When Victoria went into a strict lockdown to counter the global pandemic, Prime Minister Scott Morrison invoked the spirit of JFK, stating: “We are all Melburnians now when it comes to the challenges we face." How quickly that spirit evaporated.
The Prime Minister has reverted to type.Credit:Alex Ellinghausen
The Prime Minister has reverted to type.
Instead of backing Premier Dan Andrews’ detailed road map to COVID-normal released on Sunday, the Prime Minister described it as “hard and crushing news for the people of Victoria”.
The Prime Minister said that the road map is “a Victorian government plan”. Implying it has nothing to do him.
Yet Daniel Andrews is implementing a road map based on the national cabinet agreed suppression strategy.
It is a road map to suppress the virus by the elimination of community transmission in Victoria, based on expert modelling.
Given the Prime Minister is distancing himself from Victoria’s road map to COVID-normal, perhaps he would like to share his plan to defeat the pandemic.
How many Victorians is Morrison prepared to let die a lonely, painful death in order to prematurely open borders and the economy?
Ignoring the fact that suppressing the virus in Victoria is in the interests of all Australians, the Prime Minister is sniping from the sidelines, fuelling division and community angst.
We are again reminded of his failure of leadership during the bushfires that devastated the east coast of Australia in January.
During the bushfires the Morrison government ignored warnings from Emergency Management Australia and former fire chiefs about the pending disaster, and at the height of the crisis, as Australian citizens huddled on beaches to escape the furnace, played blame-game politics with the NSW government.
Near the conclusion of her Quarterly Essay on Morrison’s leadership through the pandemic, written before Premier Andrews announced Victoria’s COVID-normal road map, Katharine Murphy queried if the Prime Minister will have “the capacity to hold a country together through a crisis on this scale?”
She wrote, “Will his guiding light be the pragmatism that has been largely on show during the pandemic – a spirit of building and fortifying in the national interest – or will he revert to old, tribal habits if the level of adversity deepens?”
Sadly, the answer is the latter. The Prime Minister has demonstrated he is done with national unity and national leadership. Tribal politics rules.
Premier Dan Andrews is leading Victoria through a social and economic crisis of epic proportions. Lockdown two is working. The infection numbers are trending down.
This is good news for all Australians.
Yet the Prime Minister continues to undermine Andrews’ efforts. In a media conference on Monday, Morrison claimed that under Victoria’s road map infection thresholds “Sydney would be under curfew now”, ignoring the fact, as Victoria’s Chief Health Officer Professor Brett Sutton pointed out, that Victoria requires harsher rules because we have higher community transmission rates.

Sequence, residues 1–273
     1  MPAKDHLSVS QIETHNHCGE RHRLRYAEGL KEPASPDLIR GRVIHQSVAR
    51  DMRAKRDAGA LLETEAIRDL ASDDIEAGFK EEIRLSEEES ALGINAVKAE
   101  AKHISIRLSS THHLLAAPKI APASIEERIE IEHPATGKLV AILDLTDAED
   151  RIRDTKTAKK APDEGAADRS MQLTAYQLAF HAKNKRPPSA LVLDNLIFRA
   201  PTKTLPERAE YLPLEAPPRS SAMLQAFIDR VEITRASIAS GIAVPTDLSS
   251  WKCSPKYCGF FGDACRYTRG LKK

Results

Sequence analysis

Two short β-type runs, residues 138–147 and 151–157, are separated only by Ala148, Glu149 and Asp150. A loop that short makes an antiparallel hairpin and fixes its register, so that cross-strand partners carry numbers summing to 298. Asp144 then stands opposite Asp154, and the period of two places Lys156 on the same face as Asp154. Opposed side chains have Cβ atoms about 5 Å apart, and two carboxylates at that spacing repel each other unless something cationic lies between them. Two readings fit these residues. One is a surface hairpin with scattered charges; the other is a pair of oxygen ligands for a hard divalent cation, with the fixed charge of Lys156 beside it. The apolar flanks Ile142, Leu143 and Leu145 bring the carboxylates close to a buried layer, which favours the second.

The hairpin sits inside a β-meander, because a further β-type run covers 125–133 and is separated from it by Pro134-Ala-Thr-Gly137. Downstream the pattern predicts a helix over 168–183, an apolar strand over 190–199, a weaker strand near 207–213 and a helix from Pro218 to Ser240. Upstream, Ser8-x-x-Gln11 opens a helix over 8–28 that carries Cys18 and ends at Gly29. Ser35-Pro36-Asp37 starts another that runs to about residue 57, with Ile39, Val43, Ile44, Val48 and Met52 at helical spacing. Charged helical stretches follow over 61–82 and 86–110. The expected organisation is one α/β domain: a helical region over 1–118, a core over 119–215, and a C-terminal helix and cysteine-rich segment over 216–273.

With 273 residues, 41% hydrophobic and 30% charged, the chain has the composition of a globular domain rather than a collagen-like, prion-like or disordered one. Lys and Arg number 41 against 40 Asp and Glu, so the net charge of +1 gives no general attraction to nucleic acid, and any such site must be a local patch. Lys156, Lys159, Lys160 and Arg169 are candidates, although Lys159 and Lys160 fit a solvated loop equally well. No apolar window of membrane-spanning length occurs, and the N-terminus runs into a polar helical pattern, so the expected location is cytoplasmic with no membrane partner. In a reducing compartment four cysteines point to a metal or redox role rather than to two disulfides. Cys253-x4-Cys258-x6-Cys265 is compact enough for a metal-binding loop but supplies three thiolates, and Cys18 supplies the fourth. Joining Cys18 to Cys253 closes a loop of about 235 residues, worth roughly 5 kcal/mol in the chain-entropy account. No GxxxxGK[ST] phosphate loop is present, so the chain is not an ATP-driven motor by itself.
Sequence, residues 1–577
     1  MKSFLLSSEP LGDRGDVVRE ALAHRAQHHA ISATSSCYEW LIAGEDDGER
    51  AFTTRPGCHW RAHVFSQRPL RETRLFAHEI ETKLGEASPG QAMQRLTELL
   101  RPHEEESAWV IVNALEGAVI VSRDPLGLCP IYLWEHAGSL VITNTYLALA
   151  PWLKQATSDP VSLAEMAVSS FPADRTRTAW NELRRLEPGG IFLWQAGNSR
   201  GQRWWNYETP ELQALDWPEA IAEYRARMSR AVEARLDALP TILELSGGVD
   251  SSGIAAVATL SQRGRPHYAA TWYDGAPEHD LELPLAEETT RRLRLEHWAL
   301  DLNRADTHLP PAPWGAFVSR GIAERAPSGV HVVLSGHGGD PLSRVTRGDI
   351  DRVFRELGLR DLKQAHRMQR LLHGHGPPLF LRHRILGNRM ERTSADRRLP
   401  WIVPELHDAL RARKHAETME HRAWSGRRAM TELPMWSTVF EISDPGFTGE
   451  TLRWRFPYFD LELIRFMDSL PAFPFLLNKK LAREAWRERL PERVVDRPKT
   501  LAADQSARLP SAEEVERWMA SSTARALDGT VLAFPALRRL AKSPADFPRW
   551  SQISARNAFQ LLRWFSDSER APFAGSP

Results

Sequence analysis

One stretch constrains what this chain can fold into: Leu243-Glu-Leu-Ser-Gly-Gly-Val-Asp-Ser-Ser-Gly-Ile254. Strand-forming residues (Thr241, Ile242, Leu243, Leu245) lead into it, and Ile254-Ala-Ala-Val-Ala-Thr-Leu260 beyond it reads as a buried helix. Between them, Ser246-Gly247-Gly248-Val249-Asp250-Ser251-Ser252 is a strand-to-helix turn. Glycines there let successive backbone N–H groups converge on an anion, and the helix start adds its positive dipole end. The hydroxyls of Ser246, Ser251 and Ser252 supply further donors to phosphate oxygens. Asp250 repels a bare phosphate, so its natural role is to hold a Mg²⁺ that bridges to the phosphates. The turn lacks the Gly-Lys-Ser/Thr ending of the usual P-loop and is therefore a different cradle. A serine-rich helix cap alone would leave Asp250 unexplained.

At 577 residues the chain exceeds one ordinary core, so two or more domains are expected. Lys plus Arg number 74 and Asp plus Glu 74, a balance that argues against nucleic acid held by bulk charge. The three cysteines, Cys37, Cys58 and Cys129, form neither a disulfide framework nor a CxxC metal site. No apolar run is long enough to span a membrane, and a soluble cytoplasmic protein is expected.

Morrison is not the leader for our times. He praises the virus response of the Coalition government in NSW and attacks Labor states.
He has shirked responsibility for the devastating impact of COVID-19 in aged care. The Commonwealth is 100 per cent responsible for the funding and regulation of aged care and despite the horror of what we saw in Italy and the US last year the Morrison government had no rapid response plan for the sector.
From the beginning of this crisis, the Prime Minister has been slow to react and to lead by example.
When Premier Andrews made the dramatic decision to cancel the grand prix in March, Morrison was sending mixed messages – banning non-essential gatherings of 500 plus people and then announcing he was going to the rugby on the weekend before the ban kicked in.
Now he’s lamenting the hit to the federal budget, calling for state borders to be opened and cutting Victoria loose.
Perhaps he would have more empathy if he lived in Melbourne. It is tough here. We are living with restrictions unimaginable this time last year. Curfews, masks, working from home if you are one of the lucky ones who still has a job. Frontline workers daily putting their lives, and those of their loved ones, at risk.
Everyone’s lives have been disrupted. School socials, sport, family celebrations, weddings put on hold. Farewelling loved ones in online funerals part of the new normal.
We will get through this. We have done it before, and we don’t want to have to do it again. Which is why we need to get infection levels down to manageable levels. Australia cannot open up until we have the virus under control in Victoria.
Technically, restrictions can be ended with the stroke of a pen but that premature measure will only put Victorians – especially our health workers – at risk of a third wave of the virus.
Back in July the Prime Minister said, “there is always the risk” that what is happening in Melbourne now “could happen in other cities".
In that instance, Scott Morrison was dead right.
Steve Bracks is a former Labor premier of Victoria.
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